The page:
In terms of footpaths, they were mostly brilliant for running on, both on the flat sections and some glorious downhills which I thoroughly enjoyed. The beginning of the West Highland Way trail only has about 252 m of ascent, over 20 km, so this is a great section you can comfortably run most of and a great way to get started on the trail.

The Loch Lomond path:

The elephant in the room is the section along Loch Lomond, it is known for being tough, but if I’m honest, it wasn’t as bad as I thought. The path is undulating so one minute you’re hiking a steep but short uphill then there’s a matching short downhill. On this day I did 1,410 m of ascent, approximately 600 m were are the beginning of the day, hiking up to Conic Hill but the remaining 800 m were along the Loch Lomond section.

The worst section was the final 5 km of the loch. You’re close enough to Inverarnan to feel like you are nearly there but the terrain gets tougher on this part, and I’d say it’s impossible to run. There are short scramble, rocky and muddy sections, along with some steps and a wooden ladder as a bonus extra! However, the rest of the trail makes up for this tricky section.

The hardest part is the fact you’re running towards the end of the day, so tired legs on tricky terrain make it harder.

One of the rocky sections along Loch Lomond

Favourite runnable sections

My favourite runnable sections were the descent into Glencoe, after a long track gradually ascending for miles I welcomed the final 4 km with 200 m of descent, especially because you can see the Kingshouse Hotel from this point of descent!

In addition, I loved the descent and long winding trail after the Devil’s Staircase climb into Kinlochleven, due to the time I was on the trail it was empty, a bonus for some faster running. And by fast, I’m talking Becky fast, so for most people that’s slow, haha, but it felt quick to me.

What other food did I eat on the run?

Breakfast on the run!

I selected the option to add breakfast to my accommodation (at Buchanan Arms and Kingshouse Bunkhouse). They had a breakfast buffet, a mix of hot and cold options. At Beinglas Campsite, it wasn’t included but you could have breakfast there, I had a breakfast roll and a hash brown!

One thing to consider is the timings, on my first day breakfast wasn’t served until 07.30, whereas in the other two places, it was 07.00. I’d have preferred to eat earlier, allowing some time for food to digest, but instead, I had a smaller breakfast and took food with me that I could eat on the way. For example, I took a banana and made a jam sandwich to have as a later breakfast while on my run.

Lunch on the run

Hod dog and Irn-bru at Leven Bites in Kinlochleven

I didn’t have big plans for lunch on my run, I had a good amount of snacks, plus the additional items I took from the breakfast buffets. On the first day (20 km), I had eaten plenty for breakfast and on the train, I did stop at The Beech Tree pub/cafe but I only had a drink there, since it was a very humid day.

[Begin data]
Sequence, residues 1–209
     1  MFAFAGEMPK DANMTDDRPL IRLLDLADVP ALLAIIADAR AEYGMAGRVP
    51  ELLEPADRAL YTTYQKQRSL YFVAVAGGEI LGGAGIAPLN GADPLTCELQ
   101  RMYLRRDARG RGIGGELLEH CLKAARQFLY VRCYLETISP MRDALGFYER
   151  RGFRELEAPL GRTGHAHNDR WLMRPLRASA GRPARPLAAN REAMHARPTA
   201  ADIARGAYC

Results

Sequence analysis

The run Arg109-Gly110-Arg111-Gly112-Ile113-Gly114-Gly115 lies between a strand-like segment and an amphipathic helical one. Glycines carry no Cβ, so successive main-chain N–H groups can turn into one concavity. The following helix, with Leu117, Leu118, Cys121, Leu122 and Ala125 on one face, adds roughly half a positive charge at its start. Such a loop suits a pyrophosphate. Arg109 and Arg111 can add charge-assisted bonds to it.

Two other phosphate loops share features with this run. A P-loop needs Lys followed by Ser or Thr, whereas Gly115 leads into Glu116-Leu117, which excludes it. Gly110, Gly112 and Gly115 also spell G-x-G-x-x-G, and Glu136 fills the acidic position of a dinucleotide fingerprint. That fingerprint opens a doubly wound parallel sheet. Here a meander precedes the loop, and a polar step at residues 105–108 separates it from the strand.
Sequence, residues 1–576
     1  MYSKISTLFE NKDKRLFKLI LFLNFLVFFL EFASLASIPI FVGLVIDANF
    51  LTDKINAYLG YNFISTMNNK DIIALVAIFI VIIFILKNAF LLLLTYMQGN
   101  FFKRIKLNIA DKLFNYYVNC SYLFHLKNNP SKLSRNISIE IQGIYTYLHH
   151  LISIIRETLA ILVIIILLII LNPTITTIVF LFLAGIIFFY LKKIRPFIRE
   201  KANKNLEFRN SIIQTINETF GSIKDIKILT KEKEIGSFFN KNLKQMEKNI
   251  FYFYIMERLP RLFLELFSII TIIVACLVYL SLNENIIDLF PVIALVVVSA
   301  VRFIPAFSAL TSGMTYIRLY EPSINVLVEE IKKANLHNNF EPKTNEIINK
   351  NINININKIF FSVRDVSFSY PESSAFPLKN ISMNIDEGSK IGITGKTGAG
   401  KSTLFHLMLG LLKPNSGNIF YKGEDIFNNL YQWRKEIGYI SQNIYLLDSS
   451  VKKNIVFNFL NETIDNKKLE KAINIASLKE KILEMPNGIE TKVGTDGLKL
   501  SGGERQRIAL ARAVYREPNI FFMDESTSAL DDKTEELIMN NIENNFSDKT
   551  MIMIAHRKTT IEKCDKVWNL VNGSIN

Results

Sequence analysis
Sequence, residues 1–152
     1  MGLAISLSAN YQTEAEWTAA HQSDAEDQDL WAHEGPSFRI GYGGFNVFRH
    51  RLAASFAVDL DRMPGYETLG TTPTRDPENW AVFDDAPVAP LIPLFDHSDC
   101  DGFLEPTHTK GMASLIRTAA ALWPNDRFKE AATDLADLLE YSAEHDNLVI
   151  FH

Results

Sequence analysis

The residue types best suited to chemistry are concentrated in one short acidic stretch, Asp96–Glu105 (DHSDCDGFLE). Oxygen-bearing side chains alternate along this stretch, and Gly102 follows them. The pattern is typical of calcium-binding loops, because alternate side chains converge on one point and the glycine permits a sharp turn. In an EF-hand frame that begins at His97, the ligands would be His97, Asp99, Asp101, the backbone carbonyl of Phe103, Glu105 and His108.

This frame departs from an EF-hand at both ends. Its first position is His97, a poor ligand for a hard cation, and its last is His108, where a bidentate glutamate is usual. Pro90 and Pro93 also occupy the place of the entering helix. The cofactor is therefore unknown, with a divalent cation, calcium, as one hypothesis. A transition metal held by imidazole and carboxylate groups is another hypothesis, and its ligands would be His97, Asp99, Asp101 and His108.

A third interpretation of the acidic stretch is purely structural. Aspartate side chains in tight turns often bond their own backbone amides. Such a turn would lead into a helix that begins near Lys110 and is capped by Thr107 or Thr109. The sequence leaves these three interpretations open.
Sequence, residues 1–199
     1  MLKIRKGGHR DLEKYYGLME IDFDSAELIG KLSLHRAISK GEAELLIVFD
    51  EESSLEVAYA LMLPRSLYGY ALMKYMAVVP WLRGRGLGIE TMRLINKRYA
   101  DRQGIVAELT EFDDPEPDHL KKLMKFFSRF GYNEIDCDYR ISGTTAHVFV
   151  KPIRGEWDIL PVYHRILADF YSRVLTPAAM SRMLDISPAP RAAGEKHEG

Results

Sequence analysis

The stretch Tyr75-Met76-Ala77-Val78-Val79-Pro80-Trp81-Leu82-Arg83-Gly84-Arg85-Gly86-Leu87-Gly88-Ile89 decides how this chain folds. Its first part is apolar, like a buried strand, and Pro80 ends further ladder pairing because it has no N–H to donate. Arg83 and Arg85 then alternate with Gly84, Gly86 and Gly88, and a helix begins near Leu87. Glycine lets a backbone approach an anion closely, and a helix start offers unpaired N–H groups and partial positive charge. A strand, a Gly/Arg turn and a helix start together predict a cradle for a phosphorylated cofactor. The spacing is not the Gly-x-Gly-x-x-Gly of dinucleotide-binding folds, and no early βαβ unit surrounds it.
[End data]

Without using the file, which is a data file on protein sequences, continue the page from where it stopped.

On the second day (Drymen to Inverarnan), I didn’t stop for extra food, eating my snacks, plus jam sandwiches (from breakfast). However, after Conic Hill and before Rowardennan there are plenty of options (campsite shops and a couple of pubs) where you could stop for lunch if you needed it.

On the third day (Inverarnan to Glencoe), I planned to stop at the Green Welly Cafe in Tyndrum, at 20 km point. I had a hot dog and a can of Irn Bru which was a perfect combo. I also struggled on this day so I made a second stop, after another 10 km at the pub at Bridge of Orchy, but this was a glass of coke stop (then I ate my crisps shortly after leaving).

The final day, I again had a plan to stop at Kinlochleven for a late second breakfast/early lunch. I stopped at my favourite place Leven Bites, turning up soaked I ordered a hot dog and had a can of Irn bru whilst standing next to the counter (it’s a takeaway place).


Here’s where I made the most of refuelling and adding calories for the next day! I had a filling main meal, with either a starter or dessert depending on what I fancied!

  • Drymen – Drymen Inn
  • Inverarnan – Beinglas Campsite bar (The Stagger Inn)
  • Glencoe – Kingshouse Hotel restaurant
The Drymen Inn did a great meal for dinner

What shops are there on the route?

Throughout the route, there are several shops that you can resupply; however, I’d packed a good amount of snacks for my trip so I didn’t end up buying anything on the way. For last-minute items, there is a Tesco, Spar and Marks and Spencer in Milngavie.

For my run, on the first day, there was a small selection of items at The Beech Tree, and then the best option was the Spar shop in Drymen on night one. On the second day from Drymen to Inverarnan, there is a small village shop in Balmaha, but then nothing until you reach the campsite, here there’s a small shop with drinks and snacks. On the third day, there is a mini market (Green Welly Stop) in Tyndrum, approximately 20 km into the day, then on the final day, there is a Co-op in Kinlochleven to top up on any final supplies for the last 25 km into Fort William.